Preparing Your Child for School
As a parent or caregiver, you play an important role in your child's academic achievement. By taking steps to get involved in your child's education, you can bridge the gap between home and school to ensure your child's success in learning and in life.
These research-based tips provide both practical guidance and valuable information about preparing your child for school.
What should I do before my child starts school?
Before the school year begins, find out as much as you can about the school your child will attend. Schools—even schools in the same district—can differ greatly. Don't rely only on information about a school from other parents; their child might have different needs and expectations from a school than yours.
Ask the school principal for a school handbook. This will answer many questions that will arise over the year. If your school doesn't have a handbook, ask the principal and teachers questions such as the following:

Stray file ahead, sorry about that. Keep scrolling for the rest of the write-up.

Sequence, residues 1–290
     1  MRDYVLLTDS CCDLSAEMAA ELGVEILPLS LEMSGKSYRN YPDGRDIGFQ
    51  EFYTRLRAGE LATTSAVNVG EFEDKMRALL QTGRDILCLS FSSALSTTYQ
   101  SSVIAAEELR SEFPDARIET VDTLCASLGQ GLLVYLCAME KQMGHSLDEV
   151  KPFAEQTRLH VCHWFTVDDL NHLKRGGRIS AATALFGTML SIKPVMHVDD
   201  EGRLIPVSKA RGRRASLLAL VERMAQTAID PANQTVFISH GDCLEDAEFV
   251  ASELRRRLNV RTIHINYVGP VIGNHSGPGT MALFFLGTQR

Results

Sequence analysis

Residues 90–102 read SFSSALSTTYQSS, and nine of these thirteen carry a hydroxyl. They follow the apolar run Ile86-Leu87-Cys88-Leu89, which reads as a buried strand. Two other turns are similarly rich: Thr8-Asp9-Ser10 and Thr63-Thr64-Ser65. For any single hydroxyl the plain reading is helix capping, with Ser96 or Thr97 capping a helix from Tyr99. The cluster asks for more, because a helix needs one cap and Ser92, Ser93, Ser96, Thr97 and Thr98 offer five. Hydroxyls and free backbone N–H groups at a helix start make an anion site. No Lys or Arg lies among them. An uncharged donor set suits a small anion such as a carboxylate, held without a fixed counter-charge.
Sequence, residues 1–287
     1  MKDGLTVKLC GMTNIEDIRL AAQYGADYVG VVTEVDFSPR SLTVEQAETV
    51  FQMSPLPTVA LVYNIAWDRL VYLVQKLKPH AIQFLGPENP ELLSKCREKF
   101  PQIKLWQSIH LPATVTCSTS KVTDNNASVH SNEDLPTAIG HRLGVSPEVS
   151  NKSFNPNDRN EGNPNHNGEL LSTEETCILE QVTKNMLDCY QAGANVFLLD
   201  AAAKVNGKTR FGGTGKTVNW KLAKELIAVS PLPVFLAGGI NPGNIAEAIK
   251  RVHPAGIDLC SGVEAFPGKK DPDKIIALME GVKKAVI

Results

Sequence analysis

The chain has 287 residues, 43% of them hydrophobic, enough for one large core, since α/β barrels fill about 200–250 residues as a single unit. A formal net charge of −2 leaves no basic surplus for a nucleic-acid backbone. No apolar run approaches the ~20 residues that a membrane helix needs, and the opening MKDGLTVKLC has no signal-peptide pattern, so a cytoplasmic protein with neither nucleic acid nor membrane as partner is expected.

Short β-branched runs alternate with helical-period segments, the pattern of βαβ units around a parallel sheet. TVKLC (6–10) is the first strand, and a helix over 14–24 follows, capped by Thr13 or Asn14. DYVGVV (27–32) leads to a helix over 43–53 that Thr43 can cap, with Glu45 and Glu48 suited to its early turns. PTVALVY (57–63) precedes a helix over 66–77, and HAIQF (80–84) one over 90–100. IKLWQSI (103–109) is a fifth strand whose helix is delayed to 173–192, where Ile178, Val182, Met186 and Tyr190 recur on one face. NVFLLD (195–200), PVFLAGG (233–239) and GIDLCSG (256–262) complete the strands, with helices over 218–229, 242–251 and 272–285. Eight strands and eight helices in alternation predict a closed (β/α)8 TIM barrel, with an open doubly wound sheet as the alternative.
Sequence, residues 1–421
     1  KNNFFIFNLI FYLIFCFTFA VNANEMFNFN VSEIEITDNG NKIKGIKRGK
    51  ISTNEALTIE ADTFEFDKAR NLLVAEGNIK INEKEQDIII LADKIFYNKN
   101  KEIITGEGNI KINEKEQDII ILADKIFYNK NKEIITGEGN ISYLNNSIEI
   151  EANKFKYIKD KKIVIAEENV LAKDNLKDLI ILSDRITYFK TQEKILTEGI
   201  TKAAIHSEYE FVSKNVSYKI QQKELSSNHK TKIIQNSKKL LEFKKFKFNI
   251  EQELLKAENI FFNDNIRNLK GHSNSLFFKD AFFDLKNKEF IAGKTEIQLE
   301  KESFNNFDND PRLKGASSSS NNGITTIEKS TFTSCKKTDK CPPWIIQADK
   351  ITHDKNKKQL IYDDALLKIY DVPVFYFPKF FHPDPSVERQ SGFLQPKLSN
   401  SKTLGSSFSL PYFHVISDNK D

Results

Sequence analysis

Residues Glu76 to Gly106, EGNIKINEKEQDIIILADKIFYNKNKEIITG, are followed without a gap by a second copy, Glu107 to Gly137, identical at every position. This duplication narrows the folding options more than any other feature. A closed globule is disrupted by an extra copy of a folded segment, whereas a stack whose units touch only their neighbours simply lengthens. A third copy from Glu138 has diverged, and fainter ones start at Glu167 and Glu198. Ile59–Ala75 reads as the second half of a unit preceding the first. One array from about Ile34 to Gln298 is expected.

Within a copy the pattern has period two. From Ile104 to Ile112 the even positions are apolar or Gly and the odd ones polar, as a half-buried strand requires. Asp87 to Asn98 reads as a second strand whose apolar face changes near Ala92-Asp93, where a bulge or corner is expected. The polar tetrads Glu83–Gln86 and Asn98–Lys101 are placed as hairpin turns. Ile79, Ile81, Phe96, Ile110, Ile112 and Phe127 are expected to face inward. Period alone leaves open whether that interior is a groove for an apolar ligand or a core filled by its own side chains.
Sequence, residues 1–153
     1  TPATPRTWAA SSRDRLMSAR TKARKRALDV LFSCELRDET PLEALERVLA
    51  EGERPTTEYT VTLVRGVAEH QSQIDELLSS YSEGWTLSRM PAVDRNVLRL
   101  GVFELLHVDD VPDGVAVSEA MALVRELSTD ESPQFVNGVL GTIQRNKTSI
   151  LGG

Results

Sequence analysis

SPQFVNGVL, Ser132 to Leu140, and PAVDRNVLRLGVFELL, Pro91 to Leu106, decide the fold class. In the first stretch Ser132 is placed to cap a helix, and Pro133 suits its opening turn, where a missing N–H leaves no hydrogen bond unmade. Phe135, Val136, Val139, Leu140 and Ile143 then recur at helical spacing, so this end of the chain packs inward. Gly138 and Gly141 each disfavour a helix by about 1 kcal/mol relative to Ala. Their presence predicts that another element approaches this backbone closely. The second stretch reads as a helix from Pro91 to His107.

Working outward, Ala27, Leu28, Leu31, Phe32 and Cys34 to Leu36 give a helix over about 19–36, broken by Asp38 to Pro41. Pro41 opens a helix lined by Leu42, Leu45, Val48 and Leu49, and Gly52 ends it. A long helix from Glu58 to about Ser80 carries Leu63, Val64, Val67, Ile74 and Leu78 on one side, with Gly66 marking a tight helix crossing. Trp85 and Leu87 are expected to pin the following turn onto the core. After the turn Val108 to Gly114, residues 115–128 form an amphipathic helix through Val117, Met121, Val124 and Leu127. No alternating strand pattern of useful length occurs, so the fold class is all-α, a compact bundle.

- What teaching methods and materials are used? Are the methods used to teach reading and math based on scientific evidence about what works best? Are science and social studies materials up to date?
- How much time is spent on each subject such as reading, math, science, and history?
- How does the school measure student progress? What tests does it use?
- Does the school meet state standards and guidelines?
- Are teachers highly qualified? Do they meet state certification requirements?
- For children beginning kindergarten, ask: What areas are emphasized in the kindergarten program? How focused is it on academic instruction?
- If you have not seen it, ask to look at the school's report card. These report cards show how your school compares to others in the district and indicate how well it is succeeding.
- Find out if the school has a website and, if so, get the address. School websites can provide you with ready access to all kinds of information—schedules of events, names of people to contact, rules and regulations, etc. Talk with your children about school. Let them know that you think school and learning are important.
Source: U.S. Department of Education.